Online Community of Zenith Builders and Flyers
I am currently experimenting with a Sonex/AeroConversions "Aero-Injector" throttle-body carburetor on my Jabiru 3300 vs the Bing 94. The Aero-Injector is extremely simple, very light, gravity-fed, immune to carburetor icing, and has a conventional mixture control. So far, the weight savings for the total installation is 5.4 lbs! For those Jab owners with the Bing, let me assure you that mine was working perfectly - as many know, I just like to experiment, so there were no problems with the Bing on a Jab 3300!
There is extensive experience with the Jab 3300/Aero-Injector (previous model called "Aerocarb") in Sonex aircraft. Since carb heat is not required, the Sonex builders typically just clamp a K&N filter directly onto the carb and this has been quite successful.
The Jabiru USA firewall-forward kit for Zenith aircraft (750, Cruzer, 601/650) has a rather elaborate fiberglass airbox riveted to the firewall that incorporates a carb heat valve and a K&N filter. Here's a pic from the installation manual:
I was hoping there might be someone who either (a) happened to have weighed their airbox prior to installation or (b) have an uninstalled firewall-forward kit and could weigh their uninstalled airbox.
Since my airbox is mounted, I can't weigh it and am curious what the potential weight reduction would be if it was removed and a direct, clamp-on air filter was substituted. If anyone could provide me with that information, I would appreciate it! Also, if you do have a weight, please note whether the weight includes the K&N filter inside the airbox or not. I don't need the weights of the associated ducts, etc.
John "Can't Leave Well Enough Alone" Austin ;>)
As I seem to have reached my final configuration of the AeroInjector's fuel and induction system, I looked hard at the installation to see if any further refinements were necessary. I was a little concerned about using the 2" o.d. rubber gas filler hose as an intake runner since the carb and air filter are suspended/cantilevered off the distal end. Since the hose is rubber, I was concerned that the weight of the carb and filter might induce vibration. So, I elected to make an aluminum intake runner of the same length. (The truth is, I wanted to play with my lathe and mill!) I obtained a like-new used intake flange:
I also obtained a 2" o.d. x 0.25" wall 6061T6 tube from McMaster-Carr. One one end of the tube, I machined a groove to capture the rubber carb socket's rib and also tapered the i.d. to match the rubber carb socket's i.d.. The other end was then welded full-thickness (by a certified welder!) to the used flange - he did a great job - when I was cleaning up the inside of the runner, I could not detect the weld or a seam at all!
Once mounted, it looks like this:
(After this picture the carb was safety-wired to the intake runner and the fuel line was insulated and wrapped with Thermotec radiant heat barrier and secured with stainless tie-wraps.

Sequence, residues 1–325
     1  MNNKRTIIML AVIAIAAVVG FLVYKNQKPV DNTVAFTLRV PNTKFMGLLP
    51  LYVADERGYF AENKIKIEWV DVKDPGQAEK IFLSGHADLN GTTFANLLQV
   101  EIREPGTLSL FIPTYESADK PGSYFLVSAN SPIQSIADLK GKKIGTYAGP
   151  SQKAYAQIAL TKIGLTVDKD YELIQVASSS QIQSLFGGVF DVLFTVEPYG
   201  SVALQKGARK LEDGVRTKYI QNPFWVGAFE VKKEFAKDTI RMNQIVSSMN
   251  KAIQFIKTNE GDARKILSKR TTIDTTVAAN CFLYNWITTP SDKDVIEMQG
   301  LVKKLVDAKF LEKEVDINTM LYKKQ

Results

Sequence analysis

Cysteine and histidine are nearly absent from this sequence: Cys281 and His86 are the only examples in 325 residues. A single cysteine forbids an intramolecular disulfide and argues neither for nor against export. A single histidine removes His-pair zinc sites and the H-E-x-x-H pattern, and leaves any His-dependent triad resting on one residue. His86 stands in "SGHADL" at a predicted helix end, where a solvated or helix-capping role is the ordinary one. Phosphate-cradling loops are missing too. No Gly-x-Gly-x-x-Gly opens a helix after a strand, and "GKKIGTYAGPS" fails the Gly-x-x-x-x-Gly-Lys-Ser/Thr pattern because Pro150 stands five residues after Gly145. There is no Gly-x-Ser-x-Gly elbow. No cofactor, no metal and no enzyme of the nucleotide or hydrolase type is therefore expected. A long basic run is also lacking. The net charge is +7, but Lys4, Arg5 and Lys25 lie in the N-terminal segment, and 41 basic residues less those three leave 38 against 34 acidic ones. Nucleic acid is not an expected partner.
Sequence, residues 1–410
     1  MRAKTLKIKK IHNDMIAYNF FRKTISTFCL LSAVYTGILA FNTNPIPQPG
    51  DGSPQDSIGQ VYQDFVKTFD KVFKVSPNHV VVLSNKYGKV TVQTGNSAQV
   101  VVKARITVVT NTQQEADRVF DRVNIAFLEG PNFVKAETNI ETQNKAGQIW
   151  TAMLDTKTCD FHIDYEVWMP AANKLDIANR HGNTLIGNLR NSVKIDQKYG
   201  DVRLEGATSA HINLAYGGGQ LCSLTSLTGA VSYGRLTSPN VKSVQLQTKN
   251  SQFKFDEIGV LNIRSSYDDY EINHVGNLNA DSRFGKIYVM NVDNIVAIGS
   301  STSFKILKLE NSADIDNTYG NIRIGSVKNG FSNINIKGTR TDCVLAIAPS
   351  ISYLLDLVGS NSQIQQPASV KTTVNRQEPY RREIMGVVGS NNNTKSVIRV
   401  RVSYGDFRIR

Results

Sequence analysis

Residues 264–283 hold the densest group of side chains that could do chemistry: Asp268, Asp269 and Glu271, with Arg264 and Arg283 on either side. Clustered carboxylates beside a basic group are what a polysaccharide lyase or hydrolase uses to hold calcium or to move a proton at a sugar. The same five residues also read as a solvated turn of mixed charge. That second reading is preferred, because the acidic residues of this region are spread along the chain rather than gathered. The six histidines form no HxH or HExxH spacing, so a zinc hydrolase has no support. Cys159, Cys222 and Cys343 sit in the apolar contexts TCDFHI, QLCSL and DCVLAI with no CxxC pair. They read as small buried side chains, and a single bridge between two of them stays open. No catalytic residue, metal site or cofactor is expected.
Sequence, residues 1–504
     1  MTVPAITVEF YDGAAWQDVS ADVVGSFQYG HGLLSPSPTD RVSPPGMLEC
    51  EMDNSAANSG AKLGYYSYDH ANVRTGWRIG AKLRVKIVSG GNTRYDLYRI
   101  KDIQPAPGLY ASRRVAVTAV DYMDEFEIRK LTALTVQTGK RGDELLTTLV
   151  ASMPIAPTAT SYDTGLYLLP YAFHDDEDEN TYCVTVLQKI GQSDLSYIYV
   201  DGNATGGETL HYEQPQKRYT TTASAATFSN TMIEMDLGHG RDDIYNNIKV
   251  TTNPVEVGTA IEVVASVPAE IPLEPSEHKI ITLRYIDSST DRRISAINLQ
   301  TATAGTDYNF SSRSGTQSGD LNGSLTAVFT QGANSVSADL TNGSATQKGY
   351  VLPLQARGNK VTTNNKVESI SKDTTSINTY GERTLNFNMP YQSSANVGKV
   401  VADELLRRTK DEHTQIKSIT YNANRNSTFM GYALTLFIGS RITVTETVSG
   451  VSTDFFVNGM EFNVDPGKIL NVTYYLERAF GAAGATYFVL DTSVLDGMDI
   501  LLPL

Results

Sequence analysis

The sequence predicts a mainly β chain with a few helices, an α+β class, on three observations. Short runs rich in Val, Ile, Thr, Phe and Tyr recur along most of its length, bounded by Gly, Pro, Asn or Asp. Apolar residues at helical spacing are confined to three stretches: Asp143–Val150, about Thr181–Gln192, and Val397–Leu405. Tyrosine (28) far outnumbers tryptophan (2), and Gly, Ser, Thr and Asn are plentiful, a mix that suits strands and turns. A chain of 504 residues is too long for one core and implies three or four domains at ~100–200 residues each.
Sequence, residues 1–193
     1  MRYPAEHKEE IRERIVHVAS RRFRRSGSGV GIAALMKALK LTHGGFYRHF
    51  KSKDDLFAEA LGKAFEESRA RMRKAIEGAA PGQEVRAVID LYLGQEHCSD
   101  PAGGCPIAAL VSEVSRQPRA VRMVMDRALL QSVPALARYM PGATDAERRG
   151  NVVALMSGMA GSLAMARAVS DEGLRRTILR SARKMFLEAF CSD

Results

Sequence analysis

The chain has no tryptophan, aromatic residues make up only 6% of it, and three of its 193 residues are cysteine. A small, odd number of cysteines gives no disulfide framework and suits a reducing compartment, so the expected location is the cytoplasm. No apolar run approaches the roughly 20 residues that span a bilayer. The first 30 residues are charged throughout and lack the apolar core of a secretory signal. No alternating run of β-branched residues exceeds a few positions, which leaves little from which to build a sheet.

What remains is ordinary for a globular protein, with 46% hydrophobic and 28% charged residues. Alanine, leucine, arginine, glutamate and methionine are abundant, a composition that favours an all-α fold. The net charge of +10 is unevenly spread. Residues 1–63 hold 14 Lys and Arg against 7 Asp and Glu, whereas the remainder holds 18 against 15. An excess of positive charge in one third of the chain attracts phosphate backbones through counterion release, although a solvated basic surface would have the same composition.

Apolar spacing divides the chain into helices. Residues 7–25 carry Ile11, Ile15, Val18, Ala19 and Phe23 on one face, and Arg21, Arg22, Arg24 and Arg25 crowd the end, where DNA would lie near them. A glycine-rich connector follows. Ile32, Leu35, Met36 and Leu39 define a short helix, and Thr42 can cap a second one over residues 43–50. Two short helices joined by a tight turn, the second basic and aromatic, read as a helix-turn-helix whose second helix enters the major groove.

The end result? I now have a very precise mixture control and extremely well balanced EGT's/CHT's:
I'm a happy camper! ;>)
Looks like a neat installation. So is your Jabiru fuel pump still installed with the fuel pressure controlled by the Aerocarb pressure regulator. Have you considered adding a carb heat to your installation?
The AeroInjector, an updated version of the AeroCarb, works best with gravity feed only, so the mechanical Jabiru fuel pump was deleted and a block-off plate installed. Unlike the Rotec throttle-body carb, the AeroInjector does not have a pressure regulator. Since the STOL 750 has high-wing mounted fuel tanks, the gravity feed works excellent! I've even run the tanks low and descended in a stair-step fashion with pushovers inducing negative G's and the engine never misses a beat!
Sonex/AeroConversions, who manufactures the AeroInjector, claims there has never been a case of carb icing in either the previous AeroCarb or the AeroInjector. They attribute this primarily to the throttle-body design and lack of a constricting venturi, as in conventional carburetor design, which expands the fuel/air mixture post-venturi and cools it, which can induce icing. Also, AeroInjectors typically have the air filter directly attached, so the carb is drawing from the cowl air rather than outside air, so it is slightly pre-heated at all times. Like all things, I would "never say never," but I think the possibility of carb icing would be extremely unlikely!
Actually, I've reconfigured some of the plumbing and I've got an even neater installation now! I decided to move my "red cube" fuel flow sensor to the cabin-side of the firewall to reduce heat exposure, and while I was at it, I moved the red cube and fuel line over to the left side (pilot's perspective) of the firewall and then, through an AN bulkhead fitting, ran the fuel line directly up to the left side of the carb. The result is the firewall-forward fuel line is now very short and runs directly up to the carb. This minimizes heat-soaking even further, but I of course fire-sleeved the fuel line and still wrapped it with Thermo-tec radiant heat barrier for good measure. I don't have a current photo, but the next time I have the cowl off, I'll get one. Believe me, it looks even much neater now! :>)
So now that you have done some testing and have some hours on the AeroInjector what are your thoughts?
Are you happy with what you have done, Is there any increase in performance, whats your overall opinion of the installation.
I've got over 120 hrs on the AeroInjector now and have flown it from East Tennessee to Sun 'n Fun twice. The primary reason I removed the Bing and installed the AeroInjector was to gain a mixture control for more precise engine operation. I consider that goal 100% achieved! I really like being able to aggressively lean the engine for ground operations, precisely lean at cruise for efficient engine operation, and having the ability to deliberately enrich the mixture for additional cylinder cooling if necessary. I also like the fact that, like the Jabiru, it is a very simple design (only two moving parts!) and fits well with the KISS (Keep It Simple, Stupid) principle.